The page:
With the 128.54-carat fancy yellow Tiffany Diamond as his favourite gem – “It’s the most incredible stone I have had the privilege of working with” – it’s clearly all about colour for Tiffany’s chief gemmologist Melvyn Kirtley. Such precious gems are embedded throughout the house’s history, exemplified in the recent ‘Extraordinary Colours of Tiffany’ archival exhibition showcased in Abu Dhabi at their Galleria Mall boutique.
Earrings in gold, platinum, diamonds, tourmalines and kunzite, designed by Paloma Picasso, 1987, Tiffany & Co Archival Collection. Dress, Dhs17,500, Lanvin. Headscarf, stylist’s own.
Featuring heritage pieces spanning 175 years of jewellery design, the exhibition also marks the first time Tiffany’s archival collection has come to the UAE. “Our Middle Eastern customers are discerning connoisseurs who believe in true luxury, luxury as a pursuit of painstaking craftsmanship, quality and excellence,” Melvyn explains. “’The Colours of Tiffany’ collection – vivid stones along with legacy gems tanzanite, morganite, kunzite and tsavorite – represent the utmost in craftsmanship.”
These ‘legacy gems’ Melvyn refers to are many of the stones that were pioneered by the jewellery house under the stewardship of Dr George F. Kunz, Tiffany’s chief gemmologist from 1879 to 1932. Key examples include kunzite, a lilac-pink stone discovered in California in 1902 and named after Kunz by a fellow gemmologist, and a Madagascan pink beryl introduced by Tiffany in 1910 and christened morganite in honour of loyal Tiffany client and gem collector, financier J.P. Morgan.
Choker in gold, platinum and kunzites, 1910-1914, Tiffany & Co Archival Collection. Kaftan, Dhs2,500, Shatha Essa. Turban, Dhs900, Ingie Paris. Headscarf, stylist’s own
Such gems abound in the Colours of Tiffany collection, which presents these legacy stones in designs that offer a fascinating insight into the fashions, collectors and politics from the times that they were created. Bullet-cut kunzites, for example, can be found in a 1910 choker set with diamonds and connected by delicate gold wirework; the perfect companion for the lower necklines of the evening and tea gowns that dominated America’s early 20th-century fashion scene.
The collection culminates in the Legacy Gemstone necklace, designed by Paloma Picasso for the 1985 Blue Book celebrating her fifth anniversary with the house.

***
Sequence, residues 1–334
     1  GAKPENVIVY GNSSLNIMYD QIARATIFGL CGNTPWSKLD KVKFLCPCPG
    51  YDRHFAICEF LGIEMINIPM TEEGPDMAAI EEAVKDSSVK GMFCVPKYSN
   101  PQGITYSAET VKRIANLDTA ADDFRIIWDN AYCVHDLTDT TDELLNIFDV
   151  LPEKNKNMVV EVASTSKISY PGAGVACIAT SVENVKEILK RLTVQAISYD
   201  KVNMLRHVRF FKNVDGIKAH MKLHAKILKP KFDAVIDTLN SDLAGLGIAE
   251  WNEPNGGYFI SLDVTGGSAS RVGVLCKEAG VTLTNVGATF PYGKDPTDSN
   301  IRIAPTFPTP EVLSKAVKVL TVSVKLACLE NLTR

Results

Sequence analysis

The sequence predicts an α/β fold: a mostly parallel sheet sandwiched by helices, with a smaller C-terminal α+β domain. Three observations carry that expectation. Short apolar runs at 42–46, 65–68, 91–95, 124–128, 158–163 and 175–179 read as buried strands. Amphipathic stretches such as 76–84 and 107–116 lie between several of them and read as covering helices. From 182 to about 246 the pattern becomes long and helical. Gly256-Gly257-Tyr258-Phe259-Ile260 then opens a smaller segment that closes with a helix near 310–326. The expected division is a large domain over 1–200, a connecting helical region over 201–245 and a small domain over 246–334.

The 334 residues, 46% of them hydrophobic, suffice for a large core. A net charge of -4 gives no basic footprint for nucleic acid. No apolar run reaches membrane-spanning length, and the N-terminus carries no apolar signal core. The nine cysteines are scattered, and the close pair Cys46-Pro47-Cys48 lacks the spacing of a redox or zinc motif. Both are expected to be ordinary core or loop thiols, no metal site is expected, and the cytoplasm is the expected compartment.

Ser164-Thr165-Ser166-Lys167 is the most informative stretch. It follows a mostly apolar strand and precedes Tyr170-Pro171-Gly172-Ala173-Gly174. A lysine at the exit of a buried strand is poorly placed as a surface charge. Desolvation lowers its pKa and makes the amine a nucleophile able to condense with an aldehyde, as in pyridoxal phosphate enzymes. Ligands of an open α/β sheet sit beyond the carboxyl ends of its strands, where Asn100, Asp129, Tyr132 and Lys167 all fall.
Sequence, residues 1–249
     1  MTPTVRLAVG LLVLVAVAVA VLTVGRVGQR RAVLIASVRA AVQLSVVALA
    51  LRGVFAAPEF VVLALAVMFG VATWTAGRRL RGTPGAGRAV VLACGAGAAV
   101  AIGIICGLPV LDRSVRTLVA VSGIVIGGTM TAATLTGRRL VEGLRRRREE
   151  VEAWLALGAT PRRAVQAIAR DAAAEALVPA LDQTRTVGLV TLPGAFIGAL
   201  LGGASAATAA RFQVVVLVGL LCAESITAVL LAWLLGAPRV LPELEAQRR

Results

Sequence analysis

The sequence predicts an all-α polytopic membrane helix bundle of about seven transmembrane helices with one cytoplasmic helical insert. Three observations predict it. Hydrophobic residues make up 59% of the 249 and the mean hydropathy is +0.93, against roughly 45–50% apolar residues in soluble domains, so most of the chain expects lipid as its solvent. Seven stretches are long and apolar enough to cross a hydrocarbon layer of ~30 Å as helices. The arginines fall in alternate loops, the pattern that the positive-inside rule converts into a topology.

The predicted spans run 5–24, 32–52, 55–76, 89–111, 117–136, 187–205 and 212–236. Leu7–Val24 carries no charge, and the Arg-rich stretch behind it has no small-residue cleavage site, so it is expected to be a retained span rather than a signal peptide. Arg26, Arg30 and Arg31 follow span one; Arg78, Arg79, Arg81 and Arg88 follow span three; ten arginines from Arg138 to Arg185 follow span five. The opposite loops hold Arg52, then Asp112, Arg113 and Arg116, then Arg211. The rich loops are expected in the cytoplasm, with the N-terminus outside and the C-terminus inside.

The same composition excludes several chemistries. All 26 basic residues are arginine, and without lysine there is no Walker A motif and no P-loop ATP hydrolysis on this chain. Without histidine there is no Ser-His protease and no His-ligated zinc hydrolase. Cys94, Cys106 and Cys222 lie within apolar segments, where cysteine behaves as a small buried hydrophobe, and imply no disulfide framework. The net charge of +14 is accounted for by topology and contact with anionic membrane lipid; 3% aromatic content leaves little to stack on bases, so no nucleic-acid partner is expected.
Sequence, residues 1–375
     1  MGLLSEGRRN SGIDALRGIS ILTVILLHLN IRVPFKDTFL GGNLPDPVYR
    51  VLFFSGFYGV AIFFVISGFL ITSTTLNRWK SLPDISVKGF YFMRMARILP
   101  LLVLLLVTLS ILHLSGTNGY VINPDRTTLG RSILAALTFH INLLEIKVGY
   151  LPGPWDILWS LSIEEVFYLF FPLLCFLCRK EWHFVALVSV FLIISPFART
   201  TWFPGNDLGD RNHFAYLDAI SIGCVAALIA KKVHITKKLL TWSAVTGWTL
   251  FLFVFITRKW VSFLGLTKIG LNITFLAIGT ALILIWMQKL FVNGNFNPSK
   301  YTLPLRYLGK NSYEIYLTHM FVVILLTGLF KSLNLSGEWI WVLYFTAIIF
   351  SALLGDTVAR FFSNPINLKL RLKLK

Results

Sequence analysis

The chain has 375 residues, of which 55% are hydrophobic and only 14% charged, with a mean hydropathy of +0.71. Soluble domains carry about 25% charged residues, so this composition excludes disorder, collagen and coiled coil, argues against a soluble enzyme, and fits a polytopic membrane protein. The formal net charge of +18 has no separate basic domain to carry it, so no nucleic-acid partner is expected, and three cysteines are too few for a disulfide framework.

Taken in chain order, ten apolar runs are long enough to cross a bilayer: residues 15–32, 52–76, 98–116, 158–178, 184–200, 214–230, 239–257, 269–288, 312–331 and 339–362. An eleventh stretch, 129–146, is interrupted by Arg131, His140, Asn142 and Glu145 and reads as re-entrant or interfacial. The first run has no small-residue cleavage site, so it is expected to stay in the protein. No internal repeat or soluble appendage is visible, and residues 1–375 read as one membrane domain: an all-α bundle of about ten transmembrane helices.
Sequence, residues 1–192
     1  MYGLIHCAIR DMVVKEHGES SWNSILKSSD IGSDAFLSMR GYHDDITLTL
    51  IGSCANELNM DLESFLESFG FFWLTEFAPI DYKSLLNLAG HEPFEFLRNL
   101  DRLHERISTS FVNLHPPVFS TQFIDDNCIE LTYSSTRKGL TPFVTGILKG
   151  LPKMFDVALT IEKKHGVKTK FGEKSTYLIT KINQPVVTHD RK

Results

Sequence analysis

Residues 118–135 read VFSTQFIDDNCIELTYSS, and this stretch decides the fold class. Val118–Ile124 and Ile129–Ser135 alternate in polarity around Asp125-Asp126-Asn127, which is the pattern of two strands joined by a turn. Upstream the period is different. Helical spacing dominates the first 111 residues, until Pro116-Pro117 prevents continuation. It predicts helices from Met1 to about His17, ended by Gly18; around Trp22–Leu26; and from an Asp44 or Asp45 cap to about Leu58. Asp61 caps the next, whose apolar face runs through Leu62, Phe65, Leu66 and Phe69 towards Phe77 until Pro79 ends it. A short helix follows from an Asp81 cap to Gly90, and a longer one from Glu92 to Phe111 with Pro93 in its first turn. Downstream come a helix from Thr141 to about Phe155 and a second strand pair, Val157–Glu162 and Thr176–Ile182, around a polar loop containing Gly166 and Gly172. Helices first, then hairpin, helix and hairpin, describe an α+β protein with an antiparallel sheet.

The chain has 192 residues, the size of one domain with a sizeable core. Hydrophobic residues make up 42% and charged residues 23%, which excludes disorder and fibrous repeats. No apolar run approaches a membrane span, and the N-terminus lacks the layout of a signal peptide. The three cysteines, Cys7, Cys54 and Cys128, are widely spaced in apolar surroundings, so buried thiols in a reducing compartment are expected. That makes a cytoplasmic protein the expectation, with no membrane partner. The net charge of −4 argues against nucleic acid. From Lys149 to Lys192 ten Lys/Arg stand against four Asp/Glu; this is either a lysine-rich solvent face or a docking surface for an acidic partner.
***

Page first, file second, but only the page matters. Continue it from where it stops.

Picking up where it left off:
Brooch and earrings in gold, platinum, diamonds, and rubies designed by Jean Schlumberger, 1945-1956, Tiffany & Co Archival Collection. Kaftan, Dhs1,800, Dulce by Safiya. Headscarf, stylist’s own
It pays clear tribute to Tiffany’s ability to source the finest gems, with its 15 stones ranging from a nine-carat tanzanite to an exceptional rubellite tourmaline of over 67 carats. Joined by a pair of en-suite earrings in 1987, the set embodies the finest gems blended with Picasso’s signature ‘X’ diamond motifs mounted in platinum and 18-carat gold.
Tiffany’s jewels frequented the pages of Harper’s Bazaar at the time, including the Extraordinary Colours ruby, diamond, platinum and yellow gold cuff bracelet from 1938, photographed by one of the first female fashion photographers, Louise Dahl-Wolfe, for the April issue of that year. Tiffany’s emerald jewels were also popular page-turners, partly down to a new trade treaty signed between Colombia and the United States in 1934 that made the former’s prized green gemstone more readily available to the house’s gemmologists.
Today, Melvyn ensures his team takes the utmost care when sourcing gems for their collections, particularly for diamonds where other industry processes fall short of his own exacting standards. “We are committed to sourcing high-quality diamonds with integrity. We value traceability and the importance of knowing the origin of our diamonds from the moment they are unearthed as rough stones and throughout their journey to polished gems and final designs.”
These demands continue when determining which of these gems reach Tiffany’s strict quality criteria, with Melvyn revealing he rejects a surprising 99.96 percent of gem-grade diamonds that come his way. “We have rigorous requirements that far surpass the conventional review of colour, cut, clarity and carat weight commonly known as the 4Cs,” he explains. “Stones with inferior clarity characteristics are unacceptable. Brilliance – a term used to describe how well a lapidary has cut the facets, removed flaws and brought out the gem’s scintillating light – is of the utmost importance.”
To read more, pick up a copy of the November 2018 Issue of Harper's Bazaar Arabia.
Styling: Gemma Deeks
Photography: Ziga Mihelcic
Set design: Lauren Haslam.
Hair and make-up: Bianca Hartkopf at MMG Artists.
Model: Daphne Lehoudi at Art Factory.
Fashion assistant: Anastasia Basano.
Producer: Laura Prior. With thanks to Rosewood Abu Dhabi.
All background fabrics available at Style Library
Press play to watch the Bazaar's Jewellery Edit of Tiffany & Co.'s archival collection